RECIPE: Mary Berry's orange teabread
This is a simple fruit-studded tea bread with a tender crumb and lovely orange flavour. Everything comes together in a single bowl with a few quick stirs.
Not only is the tea a starring ingredient, you can't go wrong with a thick slice, eaten plain or with a bit of butter or marmalade, served alongside a cuppa.
Mary Berry's recipe is beautiful as written, but feel free to use it as a template, swapping in your choice of tea, dried fruit and citrus zest.
You'll need an 20cm round cake pan for this recipe. We also tested it in a 23cm pan; the bread will bake faster (start checking at about 45 minutes) and its texture might be a bit drier than the 20cm bread.
The fruit, sugar and orange zest need to soak overnight in the tea. The texture of the bread is best the day it is made, but leftovers hold up well for a few days at room temperature in an airtight container or wrapped in plastic wrap. (Pop a slice in the microwave for about 10 seconds for more of that just-baked texture and warmth.)
Mary Berry's Orange Teabread (Makes 1 20cm round loaf)
1 cup (150 grams) dried currants
1/2 cup (75 grams) seedless golden raisins
1/2 cup (75 grams) diced candied orange peel (may substitute additional golden raisins)
3/4 cup (150 grams) packed light brown sugar
Finely grated zest of 2 navel oranges (1 tablespoon)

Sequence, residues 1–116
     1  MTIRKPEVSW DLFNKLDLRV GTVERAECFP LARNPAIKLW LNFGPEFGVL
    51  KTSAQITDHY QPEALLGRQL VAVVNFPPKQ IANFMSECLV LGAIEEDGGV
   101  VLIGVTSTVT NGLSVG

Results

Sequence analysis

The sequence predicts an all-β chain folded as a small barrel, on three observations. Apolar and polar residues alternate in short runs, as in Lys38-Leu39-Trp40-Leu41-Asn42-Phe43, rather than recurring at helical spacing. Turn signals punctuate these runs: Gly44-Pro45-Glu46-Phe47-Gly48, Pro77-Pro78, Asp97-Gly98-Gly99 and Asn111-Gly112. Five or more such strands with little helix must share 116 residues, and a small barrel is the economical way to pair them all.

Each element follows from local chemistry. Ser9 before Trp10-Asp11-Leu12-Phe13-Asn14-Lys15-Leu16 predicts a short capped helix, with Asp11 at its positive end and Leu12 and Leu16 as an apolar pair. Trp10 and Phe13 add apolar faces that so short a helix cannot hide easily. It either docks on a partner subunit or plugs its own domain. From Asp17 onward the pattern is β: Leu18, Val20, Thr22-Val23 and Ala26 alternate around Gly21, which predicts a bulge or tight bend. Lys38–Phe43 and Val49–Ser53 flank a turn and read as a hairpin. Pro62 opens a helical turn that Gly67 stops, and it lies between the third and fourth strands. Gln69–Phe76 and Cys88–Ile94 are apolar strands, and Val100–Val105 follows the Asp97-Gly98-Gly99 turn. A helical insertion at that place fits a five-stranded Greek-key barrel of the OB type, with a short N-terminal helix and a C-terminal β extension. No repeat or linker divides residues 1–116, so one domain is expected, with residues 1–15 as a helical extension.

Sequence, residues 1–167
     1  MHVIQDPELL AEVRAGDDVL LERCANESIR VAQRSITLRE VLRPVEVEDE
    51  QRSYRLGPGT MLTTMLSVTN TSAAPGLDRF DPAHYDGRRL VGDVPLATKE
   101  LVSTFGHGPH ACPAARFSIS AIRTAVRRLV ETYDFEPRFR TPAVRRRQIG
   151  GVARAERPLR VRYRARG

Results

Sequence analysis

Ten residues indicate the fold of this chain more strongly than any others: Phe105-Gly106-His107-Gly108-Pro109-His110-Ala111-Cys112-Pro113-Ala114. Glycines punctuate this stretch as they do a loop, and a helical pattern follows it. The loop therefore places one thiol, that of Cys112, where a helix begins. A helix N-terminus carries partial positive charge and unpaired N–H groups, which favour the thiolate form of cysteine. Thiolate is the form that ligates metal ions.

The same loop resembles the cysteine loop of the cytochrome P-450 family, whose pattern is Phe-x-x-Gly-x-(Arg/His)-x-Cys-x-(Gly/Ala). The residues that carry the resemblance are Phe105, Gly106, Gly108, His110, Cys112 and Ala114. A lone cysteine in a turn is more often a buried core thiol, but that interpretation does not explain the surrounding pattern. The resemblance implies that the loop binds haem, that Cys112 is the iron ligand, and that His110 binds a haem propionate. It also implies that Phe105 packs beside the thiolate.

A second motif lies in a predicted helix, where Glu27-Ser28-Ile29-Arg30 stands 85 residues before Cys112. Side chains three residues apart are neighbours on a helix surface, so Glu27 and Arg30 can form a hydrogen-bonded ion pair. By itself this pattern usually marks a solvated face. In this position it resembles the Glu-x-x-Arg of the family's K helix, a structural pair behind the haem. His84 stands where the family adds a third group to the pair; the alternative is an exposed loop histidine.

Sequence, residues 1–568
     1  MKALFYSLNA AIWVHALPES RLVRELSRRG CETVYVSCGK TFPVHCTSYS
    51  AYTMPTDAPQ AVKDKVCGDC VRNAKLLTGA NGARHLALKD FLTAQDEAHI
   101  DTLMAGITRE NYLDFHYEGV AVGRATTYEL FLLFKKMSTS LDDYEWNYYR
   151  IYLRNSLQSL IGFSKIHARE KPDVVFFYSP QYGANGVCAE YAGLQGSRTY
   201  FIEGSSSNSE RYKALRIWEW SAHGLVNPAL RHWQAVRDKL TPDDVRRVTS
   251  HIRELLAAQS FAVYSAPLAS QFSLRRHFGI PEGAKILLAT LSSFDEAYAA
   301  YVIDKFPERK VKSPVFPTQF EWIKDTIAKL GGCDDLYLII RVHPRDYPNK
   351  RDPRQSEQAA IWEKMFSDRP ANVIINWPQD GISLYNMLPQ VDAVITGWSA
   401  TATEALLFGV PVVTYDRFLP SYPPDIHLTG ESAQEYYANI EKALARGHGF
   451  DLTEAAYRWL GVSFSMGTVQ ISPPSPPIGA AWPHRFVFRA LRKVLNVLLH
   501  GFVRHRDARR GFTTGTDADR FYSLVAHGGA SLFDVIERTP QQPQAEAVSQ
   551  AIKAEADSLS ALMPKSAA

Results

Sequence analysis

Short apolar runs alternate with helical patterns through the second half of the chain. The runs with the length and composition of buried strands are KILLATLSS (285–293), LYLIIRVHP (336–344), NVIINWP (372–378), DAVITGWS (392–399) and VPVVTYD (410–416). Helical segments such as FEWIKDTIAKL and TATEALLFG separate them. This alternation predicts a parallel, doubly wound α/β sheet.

1 1/4 cups hot black tea (brewed)
2 cups (283 grams) flour
1 tablespoon baking powder
1 large egg, beaten
Combine the currants, golden raisins, candied orange peel, brown sugar and orange zest in a mixing bowl, then pour in the hot tea. Stir well, and cover with a plate to keep the heat in. Let the mixture stand (macerate) overnight.
Preheat the oven to 150 degrees. Grease cake pan and line the bottom with parchment paper.
Add the flour, baking powder and egg to the soaked fruit mixture, stirring to form a very thick batter.
Scrape the batter into the cake pan, smooth the top and bake (middle rack) for about an hour, or until the tea bread is nicely browned and has slightly pulled away from the sides of the pan.
A skewer or cake tester inserted into the centre should come out clean.
Invert the bread onto a wire rack so you can discard its parchment paper, then turn it right side up on the rack.
Cool until barely warm, or room temperature, before cutting into wedges for serving.
The Washington Post